Hockey Hasn’t Broken Up With Violence

Despite what the numbers tell you, and in recent years they have been quite consistent, fighting has persevered in the NHL. Year to year, goons or enforcers in the NHL have diminished, thus the numbers of fights per game have also dwindled.

During the 2012-13 season, the league average of fights per game was 0.48. Up to this point of the 2016-17 season, the league average is 0.30, in fact the 2015-16 season saw 0.28 per game.

Now, just because the number is lower doesn’t necessarily mean there isn’t purposeful foul play at hand. Heading into Wednesday nights game against the Winnipeg Jets, Penguins GM Jim Rutherford made an interesting minor league call up. Human wrecking ball Tom Sestito dressed as a precaution, if the game were to get out of hand.

And it did.

Keeping your personal bias aside, Blake Wheeler was introduced to Evgeni Malkin elbow last month which caused an uproar. Rightly so.

Sestito’s sudden promotion obviously, was in direct relation to protecting Malkin’s well being. Geno sits among the leagues highest scorers with 70 points.

But hockey has a lot of unwritten rules, and despite your status, that doesn’t exclude you from street law.

Winning, by unanimous decision, was Mr. Wheeler. Soon thereafter, Sestito dropped the gloves with Chris Thorburn in another, rage filled dispute.

Don’t fret, the shenanigans didn’t stop there, Sestito left his final mark on the game by delivering a cheap shot to Toby Enstrom.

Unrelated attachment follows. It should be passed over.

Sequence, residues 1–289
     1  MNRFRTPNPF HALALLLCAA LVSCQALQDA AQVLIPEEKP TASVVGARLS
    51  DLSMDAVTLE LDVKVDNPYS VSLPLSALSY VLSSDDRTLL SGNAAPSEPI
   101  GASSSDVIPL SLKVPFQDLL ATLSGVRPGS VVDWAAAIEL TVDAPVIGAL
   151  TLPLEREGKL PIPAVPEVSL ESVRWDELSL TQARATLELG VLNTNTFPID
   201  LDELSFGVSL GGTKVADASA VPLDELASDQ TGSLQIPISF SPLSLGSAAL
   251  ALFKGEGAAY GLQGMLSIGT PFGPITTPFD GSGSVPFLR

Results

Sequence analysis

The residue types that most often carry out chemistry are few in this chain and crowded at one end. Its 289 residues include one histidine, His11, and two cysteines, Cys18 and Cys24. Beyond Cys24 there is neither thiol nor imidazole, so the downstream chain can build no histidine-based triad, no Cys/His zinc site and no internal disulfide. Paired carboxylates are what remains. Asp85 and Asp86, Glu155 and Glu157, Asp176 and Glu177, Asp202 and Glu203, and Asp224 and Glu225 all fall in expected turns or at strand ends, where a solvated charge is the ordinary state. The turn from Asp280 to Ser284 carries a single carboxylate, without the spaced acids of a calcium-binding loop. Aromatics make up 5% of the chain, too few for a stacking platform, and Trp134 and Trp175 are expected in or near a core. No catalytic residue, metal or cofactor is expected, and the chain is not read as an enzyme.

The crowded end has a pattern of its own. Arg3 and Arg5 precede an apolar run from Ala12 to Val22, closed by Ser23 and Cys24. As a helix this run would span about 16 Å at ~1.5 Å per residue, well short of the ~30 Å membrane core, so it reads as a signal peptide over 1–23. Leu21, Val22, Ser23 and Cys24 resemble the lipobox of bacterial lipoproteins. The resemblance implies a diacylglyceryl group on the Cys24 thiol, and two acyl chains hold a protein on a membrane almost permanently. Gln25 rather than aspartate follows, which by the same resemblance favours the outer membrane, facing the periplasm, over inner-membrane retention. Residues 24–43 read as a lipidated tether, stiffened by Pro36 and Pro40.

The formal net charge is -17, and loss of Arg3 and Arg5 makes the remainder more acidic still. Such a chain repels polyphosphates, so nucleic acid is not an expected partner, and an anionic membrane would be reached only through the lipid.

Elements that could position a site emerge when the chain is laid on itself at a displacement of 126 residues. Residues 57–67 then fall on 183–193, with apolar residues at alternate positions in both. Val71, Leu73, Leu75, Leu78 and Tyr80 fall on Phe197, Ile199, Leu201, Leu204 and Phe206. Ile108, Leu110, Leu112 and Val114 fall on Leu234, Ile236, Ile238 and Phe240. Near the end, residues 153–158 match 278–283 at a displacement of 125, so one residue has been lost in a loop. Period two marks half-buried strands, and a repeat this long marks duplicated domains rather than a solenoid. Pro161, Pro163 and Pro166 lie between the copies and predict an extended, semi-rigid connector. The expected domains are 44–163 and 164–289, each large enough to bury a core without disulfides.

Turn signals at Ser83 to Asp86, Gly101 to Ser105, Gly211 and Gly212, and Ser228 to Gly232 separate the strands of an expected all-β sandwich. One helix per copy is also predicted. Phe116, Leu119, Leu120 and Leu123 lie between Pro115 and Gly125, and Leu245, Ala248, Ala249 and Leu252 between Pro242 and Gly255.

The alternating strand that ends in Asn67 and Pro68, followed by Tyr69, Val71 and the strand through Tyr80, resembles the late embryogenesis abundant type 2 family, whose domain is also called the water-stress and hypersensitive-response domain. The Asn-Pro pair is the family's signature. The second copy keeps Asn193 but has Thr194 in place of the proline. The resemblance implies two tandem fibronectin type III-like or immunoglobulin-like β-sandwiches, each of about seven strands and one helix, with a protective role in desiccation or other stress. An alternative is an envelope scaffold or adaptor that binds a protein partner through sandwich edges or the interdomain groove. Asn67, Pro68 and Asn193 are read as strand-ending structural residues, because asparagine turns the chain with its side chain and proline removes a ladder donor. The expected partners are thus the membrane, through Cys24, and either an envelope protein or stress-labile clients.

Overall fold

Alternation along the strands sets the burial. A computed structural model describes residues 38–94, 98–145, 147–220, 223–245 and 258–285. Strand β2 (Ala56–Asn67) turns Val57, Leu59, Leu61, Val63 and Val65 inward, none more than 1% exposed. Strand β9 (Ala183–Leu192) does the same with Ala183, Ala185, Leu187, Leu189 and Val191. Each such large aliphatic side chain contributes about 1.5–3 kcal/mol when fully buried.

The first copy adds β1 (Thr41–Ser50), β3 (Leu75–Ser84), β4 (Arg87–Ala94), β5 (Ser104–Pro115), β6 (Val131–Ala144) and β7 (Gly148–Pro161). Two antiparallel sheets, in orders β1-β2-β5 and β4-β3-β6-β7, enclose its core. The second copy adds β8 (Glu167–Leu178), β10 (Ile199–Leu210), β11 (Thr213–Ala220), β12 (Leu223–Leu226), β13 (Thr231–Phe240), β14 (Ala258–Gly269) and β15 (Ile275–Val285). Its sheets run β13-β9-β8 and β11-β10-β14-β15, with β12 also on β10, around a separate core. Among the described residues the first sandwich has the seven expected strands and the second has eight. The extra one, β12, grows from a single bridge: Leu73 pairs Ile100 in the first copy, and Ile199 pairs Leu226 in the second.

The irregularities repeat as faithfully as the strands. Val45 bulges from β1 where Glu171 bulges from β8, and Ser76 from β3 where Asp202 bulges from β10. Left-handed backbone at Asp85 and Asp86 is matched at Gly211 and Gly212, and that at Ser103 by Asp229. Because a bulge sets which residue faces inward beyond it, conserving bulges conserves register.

So, after the dust settled, it was just another day at the office for Mr. Sestito and a man who brings nothing to the table besides a professional knack for face transformation.

So, what we have learned this past week is that despite fights per game on the decline? Hockey clutches to their spades. That of course being fighting in the form of street justice. Had Malkin and Wheeler squashed their beef and simply gone on with the rest of the game, perhaps it would have ended there.

Now, this potentially leaves the door ajar for general managers to make these types of unwarranted call ups. To which I argue, with the number of fights on the decline clearly the players who pride themselves in fighting are being faded out of the game. Therefore you have two combatants, on average, not well versed in fighting. Sports should leave these types of things to its players, with little or no interference from those who no longer play.

Make no mistake, fighting and violence are never going to go away, but the days of the heavy weight bouts are seemingly long gone. For the better interest of the sport itself.

 

 

 

 

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